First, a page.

GDP Data Causes Euro to Drop, BOJ’s Maintenance of Ultra-Low Rates Results in Yen Slump

The euro fell on Friday after economic data painted a mixed picture of growth and inflation across the eurozone, raising uncertainty around the size of the European Central Bank’s expected interest rate hike next week. Preliminary data showed gross domestic product in the eurozone expanded by 0.1% in the first quarter, below expectations in a Reuters poll of 0.2%.

The euro zone’s two largest economies, Germany and France, stagnated or barely grew, while the Spanish and Italian economies expanded more than expected.

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A flood of inflation data releases was also mixed. “The euro is under pressure today as core inflation data out of France and Spain didn’t reach the burden of proof required to force the ECB into a 50bp hike next week,” said Simon Harvey, Head of FX Analysis at Monex Europe. The euro fell 0.4% to $1.0985, but remained near its recent one-year high, buoyed by expectations that the ECB still has further to go in raising interest rates, analysts said. But after the economic data, traders increased their bets that the ECB will hike by 25 bps, rather than 50, next week, according to Refinitiv data. The International Monetary Fund called on the ECB on Friday to keep raising interest rates until the middle of 2024 to help bring down high inflation.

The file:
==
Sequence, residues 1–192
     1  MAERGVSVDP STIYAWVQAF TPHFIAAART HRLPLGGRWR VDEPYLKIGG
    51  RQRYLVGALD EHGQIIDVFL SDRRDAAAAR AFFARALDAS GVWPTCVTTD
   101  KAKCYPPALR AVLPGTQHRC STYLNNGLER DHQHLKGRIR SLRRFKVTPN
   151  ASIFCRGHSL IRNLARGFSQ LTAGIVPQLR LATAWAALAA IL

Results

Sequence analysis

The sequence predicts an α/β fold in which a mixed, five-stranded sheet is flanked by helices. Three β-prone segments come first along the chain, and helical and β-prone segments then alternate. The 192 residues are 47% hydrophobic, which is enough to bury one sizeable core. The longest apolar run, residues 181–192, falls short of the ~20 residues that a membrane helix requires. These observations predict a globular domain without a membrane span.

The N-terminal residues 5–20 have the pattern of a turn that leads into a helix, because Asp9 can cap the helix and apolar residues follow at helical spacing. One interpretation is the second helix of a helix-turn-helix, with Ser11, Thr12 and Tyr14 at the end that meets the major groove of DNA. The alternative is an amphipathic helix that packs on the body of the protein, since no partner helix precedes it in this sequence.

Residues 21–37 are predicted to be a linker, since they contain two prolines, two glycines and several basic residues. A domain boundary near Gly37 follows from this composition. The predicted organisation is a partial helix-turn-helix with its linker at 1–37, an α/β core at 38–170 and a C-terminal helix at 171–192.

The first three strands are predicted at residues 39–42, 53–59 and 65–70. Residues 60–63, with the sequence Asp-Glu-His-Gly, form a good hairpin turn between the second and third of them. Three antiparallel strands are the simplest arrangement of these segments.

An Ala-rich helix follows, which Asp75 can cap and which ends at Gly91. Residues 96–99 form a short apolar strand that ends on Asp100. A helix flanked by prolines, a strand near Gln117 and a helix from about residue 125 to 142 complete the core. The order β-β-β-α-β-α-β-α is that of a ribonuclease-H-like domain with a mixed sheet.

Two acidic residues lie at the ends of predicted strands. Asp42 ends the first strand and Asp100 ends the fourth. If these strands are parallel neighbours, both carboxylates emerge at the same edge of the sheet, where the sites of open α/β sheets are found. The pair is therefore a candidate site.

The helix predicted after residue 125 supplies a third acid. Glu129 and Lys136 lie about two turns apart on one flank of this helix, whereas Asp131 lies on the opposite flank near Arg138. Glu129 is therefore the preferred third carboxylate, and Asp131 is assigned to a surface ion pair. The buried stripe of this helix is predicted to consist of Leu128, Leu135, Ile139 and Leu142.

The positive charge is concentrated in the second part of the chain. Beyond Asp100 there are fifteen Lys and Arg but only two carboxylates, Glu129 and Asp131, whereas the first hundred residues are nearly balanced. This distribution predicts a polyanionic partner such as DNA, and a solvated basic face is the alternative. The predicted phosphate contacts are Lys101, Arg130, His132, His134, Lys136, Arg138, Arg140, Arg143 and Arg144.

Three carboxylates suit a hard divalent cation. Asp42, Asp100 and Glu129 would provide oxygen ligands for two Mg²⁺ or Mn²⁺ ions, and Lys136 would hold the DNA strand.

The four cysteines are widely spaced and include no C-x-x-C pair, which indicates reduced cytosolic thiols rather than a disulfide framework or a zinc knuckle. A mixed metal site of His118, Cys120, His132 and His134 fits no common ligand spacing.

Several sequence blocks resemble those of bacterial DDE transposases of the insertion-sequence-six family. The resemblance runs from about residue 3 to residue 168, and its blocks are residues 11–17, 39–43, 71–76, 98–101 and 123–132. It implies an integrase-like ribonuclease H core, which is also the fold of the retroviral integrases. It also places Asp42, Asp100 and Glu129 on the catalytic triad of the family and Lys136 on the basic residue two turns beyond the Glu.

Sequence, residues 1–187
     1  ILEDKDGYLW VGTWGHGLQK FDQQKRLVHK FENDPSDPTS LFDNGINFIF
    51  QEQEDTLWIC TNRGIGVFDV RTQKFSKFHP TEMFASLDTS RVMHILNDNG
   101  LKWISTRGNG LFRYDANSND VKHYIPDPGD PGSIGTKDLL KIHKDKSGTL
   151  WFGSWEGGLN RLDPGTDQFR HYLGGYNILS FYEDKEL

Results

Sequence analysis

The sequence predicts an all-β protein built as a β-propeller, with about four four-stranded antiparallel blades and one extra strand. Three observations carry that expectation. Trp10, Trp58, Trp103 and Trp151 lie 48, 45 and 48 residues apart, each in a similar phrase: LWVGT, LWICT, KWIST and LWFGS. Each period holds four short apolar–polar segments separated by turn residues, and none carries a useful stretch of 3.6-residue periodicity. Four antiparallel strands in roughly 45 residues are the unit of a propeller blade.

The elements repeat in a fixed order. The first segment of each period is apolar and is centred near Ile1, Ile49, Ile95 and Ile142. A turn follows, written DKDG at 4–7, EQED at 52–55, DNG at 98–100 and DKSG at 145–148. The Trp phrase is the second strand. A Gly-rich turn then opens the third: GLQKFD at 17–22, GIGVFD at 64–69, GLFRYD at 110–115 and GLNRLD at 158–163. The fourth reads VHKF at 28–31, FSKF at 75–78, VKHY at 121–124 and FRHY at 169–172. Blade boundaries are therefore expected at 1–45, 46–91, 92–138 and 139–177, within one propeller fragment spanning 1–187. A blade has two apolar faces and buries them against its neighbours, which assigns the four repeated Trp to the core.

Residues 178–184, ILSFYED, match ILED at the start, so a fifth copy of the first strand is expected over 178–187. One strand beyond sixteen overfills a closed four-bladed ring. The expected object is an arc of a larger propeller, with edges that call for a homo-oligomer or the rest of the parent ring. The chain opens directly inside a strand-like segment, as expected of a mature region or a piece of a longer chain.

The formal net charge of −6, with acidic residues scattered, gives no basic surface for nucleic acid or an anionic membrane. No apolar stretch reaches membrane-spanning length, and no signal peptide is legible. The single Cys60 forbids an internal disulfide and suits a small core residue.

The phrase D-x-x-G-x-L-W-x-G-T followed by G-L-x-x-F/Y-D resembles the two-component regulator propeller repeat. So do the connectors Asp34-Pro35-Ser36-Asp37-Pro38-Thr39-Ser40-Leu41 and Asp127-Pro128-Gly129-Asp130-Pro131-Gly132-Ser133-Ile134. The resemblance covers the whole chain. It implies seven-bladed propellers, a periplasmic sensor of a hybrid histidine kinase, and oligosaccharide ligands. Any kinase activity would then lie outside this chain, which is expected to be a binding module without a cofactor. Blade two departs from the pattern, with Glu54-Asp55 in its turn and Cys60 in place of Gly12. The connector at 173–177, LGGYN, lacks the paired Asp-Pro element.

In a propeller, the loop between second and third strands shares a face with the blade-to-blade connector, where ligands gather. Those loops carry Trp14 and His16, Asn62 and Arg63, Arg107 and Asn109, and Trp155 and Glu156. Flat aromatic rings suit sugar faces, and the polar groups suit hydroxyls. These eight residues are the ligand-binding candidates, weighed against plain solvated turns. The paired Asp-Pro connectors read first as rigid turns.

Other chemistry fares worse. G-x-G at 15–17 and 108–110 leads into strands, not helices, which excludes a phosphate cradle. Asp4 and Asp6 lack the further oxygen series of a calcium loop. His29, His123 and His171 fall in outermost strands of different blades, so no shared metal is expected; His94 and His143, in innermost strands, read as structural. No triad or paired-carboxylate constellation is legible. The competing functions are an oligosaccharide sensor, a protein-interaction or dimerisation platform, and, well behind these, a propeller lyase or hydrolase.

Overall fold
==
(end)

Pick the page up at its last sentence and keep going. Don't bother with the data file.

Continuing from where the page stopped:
Versus the yen, the euro briefly rose to its highest level since December 2014 at 149.50. It was last up 1.2% at 149.35 yen after the BOJ left its ultra-easy monetary policy unchanged even as it scrapped a pledge to keep interest rates low.


At Governor Kazuo Ueda’s first policy meeting, the BOJ said it would maintain ultra-low interest rates as expected, and unanimously decided to make no changes to its yield curve control (YCC) policy. However, the central bank removed a pledge to keep interest rates at “current or lower levels” and said it would “conduct a broad-perspective review of monetary policy.” The yen fell sharply also against the U.S. dollar, down 1.55% to 136.11, its lowest since March 10.

“The hopes of a policy change have been somewhat dampened by the review,” said Moh Siong Sim, a currency strategist at Bank of Singapore, adding that the likely length of the review might have cooled hopes for an imminent move in policy settings. “For now, the outcome is read as dovish.”


The U.S. dollar rose broadly, drawing support from data pointing to still-sticky inflation in the United States, which reinforced expectations for a 25-basis-point rate hike at next week’s FOMC meeting. The U.S. dollar index gained 0.59% to 102.02, to a one-week high and rebounding from a near two-week low struck on Wednesday. Data released on Thursday showed that while U.S. economic growth slowed more than expected in the first quarter, consumer spending, which was accompanied by a rise in inflation, accelerated.

“The Fed is widely expected to hike again next week but with inflation remaining sticky, we expect the Fed to stay on hold for the remainder of the year, dashing hopes of a policy pivot in (the second half),” said analysts at Societe Generale.

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